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Protein Sequencing

  • Bryan J. Smith
  • John R. Chapman
Protocol
Part of the Springer Protocols Handbooks book series (SPH)

Abstract

It is approaching half a century since Edman developed a chemistry for the determination of the N-terminus of a protein or peptide (1), and thts chemistry is still being used today. in the intervening decades various ancillary techniques have come (and some have gone) that have allowed the field to develop. Apart from the automation of Edman chemistry itself, the most sigmticant advances have been improvements in sample preparation and the advent of mass spectrometric techniques. in the early days the task of sequencing a protem was a signnificant one, limited to those protems that could be prepared in sufficiently large amounts. Then, the aim (other than to develop the technology) was to obtam the full sequence of the protein in question to begin to understand how protems were structured, which was done by use of Edman chemistry exclusively. Currently, the situation is different, and it is usually necessary to obtam only partial protein sequence from the protein itself From the partial sequence, suitable ohgonucleotides can be designed and used to clone the corresponding gene, which can be rapidly analyzed to yield the full sequence, For identification of a protein the partial sequence may need to be only 3–5 residues long Such short sequences, known as “sequence tags,” are currently of importance in the study of the “proteome,” the set of protems that is expressed by the genome. Studies of the proteome follow the results of genome sequencing, which are giving an explosion of information. The sequence of the genome suggests what proteins might be made, but does not prove which are actually expressed in any gtven tissue(s), how they are regulated, or what their functions e For these purposes there is a need to separate and identify mdividual proteins, then to correlate then presence and modification with function.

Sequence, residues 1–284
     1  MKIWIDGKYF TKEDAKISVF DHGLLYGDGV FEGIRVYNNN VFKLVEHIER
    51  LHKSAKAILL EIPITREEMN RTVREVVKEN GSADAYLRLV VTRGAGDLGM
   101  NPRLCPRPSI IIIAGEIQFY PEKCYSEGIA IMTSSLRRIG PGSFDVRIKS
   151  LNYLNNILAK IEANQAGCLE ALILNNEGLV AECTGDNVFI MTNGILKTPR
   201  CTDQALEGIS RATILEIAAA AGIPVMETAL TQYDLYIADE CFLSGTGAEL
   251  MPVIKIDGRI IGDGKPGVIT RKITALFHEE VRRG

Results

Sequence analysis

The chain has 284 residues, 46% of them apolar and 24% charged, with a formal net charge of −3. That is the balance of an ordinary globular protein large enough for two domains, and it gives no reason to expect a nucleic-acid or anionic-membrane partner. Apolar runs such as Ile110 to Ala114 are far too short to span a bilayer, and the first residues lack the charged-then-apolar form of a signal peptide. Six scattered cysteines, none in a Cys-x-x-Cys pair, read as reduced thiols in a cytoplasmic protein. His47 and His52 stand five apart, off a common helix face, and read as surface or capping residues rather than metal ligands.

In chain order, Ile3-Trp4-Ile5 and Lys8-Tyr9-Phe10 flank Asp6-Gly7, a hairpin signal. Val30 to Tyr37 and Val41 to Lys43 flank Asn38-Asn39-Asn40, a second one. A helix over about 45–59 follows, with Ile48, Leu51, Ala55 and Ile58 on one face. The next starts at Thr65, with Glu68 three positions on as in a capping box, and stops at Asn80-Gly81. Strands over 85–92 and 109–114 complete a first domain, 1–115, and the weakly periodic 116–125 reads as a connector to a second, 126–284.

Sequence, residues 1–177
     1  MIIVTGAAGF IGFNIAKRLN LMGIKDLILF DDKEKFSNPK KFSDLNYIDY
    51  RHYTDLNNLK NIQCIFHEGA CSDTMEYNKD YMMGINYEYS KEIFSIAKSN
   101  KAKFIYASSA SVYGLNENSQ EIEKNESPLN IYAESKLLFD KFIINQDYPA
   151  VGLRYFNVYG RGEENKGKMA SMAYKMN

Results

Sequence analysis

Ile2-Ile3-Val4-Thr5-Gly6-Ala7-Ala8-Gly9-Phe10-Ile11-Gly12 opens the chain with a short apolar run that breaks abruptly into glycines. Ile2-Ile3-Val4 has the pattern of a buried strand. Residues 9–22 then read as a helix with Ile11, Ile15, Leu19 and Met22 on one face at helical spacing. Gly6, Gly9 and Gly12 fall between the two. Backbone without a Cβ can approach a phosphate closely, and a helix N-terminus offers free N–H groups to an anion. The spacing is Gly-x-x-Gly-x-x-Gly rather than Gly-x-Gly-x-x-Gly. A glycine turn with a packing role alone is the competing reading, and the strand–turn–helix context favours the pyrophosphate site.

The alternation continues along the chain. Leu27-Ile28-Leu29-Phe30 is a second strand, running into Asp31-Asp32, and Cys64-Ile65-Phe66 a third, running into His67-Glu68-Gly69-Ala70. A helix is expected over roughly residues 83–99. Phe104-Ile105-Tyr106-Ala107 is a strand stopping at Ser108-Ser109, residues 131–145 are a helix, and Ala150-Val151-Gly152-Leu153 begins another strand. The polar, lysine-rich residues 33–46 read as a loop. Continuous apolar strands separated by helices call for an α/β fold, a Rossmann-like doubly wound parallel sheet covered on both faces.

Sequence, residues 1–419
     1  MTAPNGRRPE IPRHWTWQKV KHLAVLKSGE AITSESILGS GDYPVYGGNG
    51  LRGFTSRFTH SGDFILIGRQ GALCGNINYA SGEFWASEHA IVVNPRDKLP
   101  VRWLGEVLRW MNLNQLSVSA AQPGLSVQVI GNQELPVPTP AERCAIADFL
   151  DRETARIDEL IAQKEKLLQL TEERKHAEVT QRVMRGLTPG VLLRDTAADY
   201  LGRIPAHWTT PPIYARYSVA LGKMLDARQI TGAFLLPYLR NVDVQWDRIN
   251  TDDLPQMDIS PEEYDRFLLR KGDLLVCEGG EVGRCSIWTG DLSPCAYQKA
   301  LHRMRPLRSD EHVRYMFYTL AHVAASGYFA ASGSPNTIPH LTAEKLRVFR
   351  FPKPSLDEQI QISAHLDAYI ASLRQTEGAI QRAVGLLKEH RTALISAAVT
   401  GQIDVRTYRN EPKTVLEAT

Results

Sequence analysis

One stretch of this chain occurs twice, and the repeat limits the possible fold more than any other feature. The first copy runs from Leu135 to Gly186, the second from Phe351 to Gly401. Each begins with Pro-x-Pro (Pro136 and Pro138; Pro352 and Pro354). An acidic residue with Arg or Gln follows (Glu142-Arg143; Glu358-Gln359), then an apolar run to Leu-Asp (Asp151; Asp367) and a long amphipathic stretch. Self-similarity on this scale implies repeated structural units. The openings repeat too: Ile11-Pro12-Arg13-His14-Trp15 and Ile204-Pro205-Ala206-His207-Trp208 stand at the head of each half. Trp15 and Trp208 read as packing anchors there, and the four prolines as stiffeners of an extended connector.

Keywords

Sodium Dodecyl Sulfate Protein Spot Cyanogen Bromide MALDI Mass Spectrometry Mass Spectrometric Technique 
These keywords were added by machine and not by the authors. This process is experimental and the keywords may be updated as the learning algorithm improves.

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Copyright information

© Humana Press Inc , Totowa, NJ. 1998

Authors and Affiliations

  • Bryan J. Smith
    • 1
  • John R. Chapman
    • 2
  1. 1.Celltech TherapeuttcsSloughUK
  2. 2.CheshireUK

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